In 2018, Rainforest Trust helped establish and then expand Malaysia’s new Kenyir State Park. A designation of an additional 48,466 acres, combined with another logging concession we protected last May, bring the new park to 74,140 rainforest acres — nearly three times the size of San Francisco and three times the park’s original size! The creation and management of this new protected area is a collaborative effort involving the Terengganu State Government and the local nonprofit organization Rimba, in partnership with Rainforest Trust, Panthera and the Woodland Park Zoo.
The Kenyir State Park is the first ever state park for the State of Terengganu and the first state park to be gazetted in Peninsular Malaysia since 2007. The park is phase one of a much larger conservation project that will encompass 250,000 acres that lie within a globally important Tiger Conservation Landscape and critical wildlife corridor.
“Rainforest Trust is thrilled that the Terengganu State Government is taking action to overturn a logging concession and strengthen protection of imperiled rainforests,” said Rainforest Trust CEO Paul Salaman. “The new park provides an unparalleled opportunity to safeguard habitat for one of the planet’s most awe-inspiring predators – the Malayan Tiger — as well as protect a vital watershed for Malaysians.”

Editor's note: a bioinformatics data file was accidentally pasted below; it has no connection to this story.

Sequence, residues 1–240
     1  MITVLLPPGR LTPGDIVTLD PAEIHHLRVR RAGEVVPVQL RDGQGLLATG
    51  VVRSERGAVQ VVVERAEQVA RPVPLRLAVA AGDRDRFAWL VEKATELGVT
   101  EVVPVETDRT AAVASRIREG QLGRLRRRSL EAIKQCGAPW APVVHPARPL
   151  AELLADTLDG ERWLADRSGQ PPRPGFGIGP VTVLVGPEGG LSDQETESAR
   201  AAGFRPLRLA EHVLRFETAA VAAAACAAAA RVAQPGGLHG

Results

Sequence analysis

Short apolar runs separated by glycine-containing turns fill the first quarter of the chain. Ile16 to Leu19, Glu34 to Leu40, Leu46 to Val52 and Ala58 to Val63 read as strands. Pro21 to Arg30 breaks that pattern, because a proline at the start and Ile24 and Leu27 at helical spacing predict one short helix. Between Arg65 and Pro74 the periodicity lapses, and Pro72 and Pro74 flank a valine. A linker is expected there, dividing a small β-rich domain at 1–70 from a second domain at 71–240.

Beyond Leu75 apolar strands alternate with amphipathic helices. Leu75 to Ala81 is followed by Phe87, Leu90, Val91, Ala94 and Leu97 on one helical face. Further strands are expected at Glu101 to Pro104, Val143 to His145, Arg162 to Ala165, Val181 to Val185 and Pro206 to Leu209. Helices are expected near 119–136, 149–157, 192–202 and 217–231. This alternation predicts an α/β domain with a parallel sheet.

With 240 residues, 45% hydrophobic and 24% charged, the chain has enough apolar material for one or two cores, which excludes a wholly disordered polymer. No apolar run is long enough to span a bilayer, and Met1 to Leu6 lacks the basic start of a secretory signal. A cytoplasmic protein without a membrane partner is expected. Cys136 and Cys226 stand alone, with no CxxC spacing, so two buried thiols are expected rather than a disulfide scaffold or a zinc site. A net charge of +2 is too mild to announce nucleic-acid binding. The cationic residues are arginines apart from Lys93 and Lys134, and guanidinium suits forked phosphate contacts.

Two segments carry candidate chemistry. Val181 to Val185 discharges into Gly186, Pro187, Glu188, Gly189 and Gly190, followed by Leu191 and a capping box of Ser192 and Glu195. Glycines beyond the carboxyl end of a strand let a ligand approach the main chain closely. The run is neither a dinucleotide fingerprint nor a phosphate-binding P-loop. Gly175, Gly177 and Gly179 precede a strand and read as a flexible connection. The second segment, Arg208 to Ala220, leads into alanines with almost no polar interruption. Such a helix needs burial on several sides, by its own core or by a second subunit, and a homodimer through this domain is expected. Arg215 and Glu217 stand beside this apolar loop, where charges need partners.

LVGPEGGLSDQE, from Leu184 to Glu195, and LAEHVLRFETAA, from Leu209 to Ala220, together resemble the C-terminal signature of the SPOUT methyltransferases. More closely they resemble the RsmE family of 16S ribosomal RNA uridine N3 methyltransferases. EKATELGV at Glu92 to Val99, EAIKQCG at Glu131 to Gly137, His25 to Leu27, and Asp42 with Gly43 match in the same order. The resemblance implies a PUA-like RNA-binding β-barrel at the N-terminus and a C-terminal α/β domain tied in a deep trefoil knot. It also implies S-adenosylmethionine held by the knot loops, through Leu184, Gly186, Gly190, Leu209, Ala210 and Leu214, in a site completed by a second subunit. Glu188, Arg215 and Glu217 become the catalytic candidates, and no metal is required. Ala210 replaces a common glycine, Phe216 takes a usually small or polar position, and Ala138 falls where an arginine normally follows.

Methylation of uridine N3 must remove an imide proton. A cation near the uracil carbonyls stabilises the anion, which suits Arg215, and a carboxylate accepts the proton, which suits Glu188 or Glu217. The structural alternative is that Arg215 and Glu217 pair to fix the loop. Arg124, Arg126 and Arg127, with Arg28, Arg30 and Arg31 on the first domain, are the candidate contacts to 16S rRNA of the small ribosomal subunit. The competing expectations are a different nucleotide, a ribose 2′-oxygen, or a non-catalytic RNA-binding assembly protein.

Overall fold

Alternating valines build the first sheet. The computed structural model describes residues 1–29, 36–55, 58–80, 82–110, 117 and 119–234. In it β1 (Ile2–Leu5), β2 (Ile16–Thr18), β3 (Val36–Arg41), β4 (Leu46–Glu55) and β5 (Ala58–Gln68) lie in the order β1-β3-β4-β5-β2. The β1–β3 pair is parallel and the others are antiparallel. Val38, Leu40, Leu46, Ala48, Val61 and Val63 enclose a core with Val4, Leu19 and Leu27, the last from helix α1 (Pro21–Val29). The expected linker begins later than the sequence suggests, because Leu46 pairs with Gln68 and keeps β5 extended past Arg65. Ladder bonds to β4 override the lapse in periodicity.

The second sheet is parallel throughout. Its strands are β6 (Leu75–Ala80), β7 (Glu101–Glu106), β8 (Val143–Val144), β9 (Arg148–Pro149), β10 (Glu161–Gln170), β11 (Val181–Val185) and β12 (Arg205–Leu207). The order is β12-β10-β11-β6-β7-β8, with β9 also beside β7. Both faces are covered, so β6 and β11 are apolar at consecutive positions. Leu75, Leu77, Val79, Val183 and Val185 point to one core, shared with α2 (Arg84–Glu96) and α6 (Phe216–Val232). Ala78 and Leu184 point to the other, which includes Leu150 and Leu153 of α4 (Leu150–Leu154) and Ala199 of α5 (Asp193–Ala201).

The Critically Endangered Malayan Tiger is a subspecies that lives only on the Malay Peninsula and in the southern tip of Thailand. They face tremendous pressure from poaching for the illegal wildlife trade, with their numbers in Malaysia estimated to be less than 250 individuals as of 2018. But happily, a sizeable number of Malayan Tigers are found to be living within Kenyir State Park, as documented through camera traps.
Rainforest Trust is pleased that the national government and the State of Terengganu are recognizing the value of their natural resources, especially in an era of increasing deforestation in Malaysia. The Kenyir State Park is now three times the size it was in May 2018 and, beyond Malayan Tigers, protects the Critically Endangered Sunda Pangolin and the Endangered Asian Elephant, two other species in decline due to poaching and habitat loss.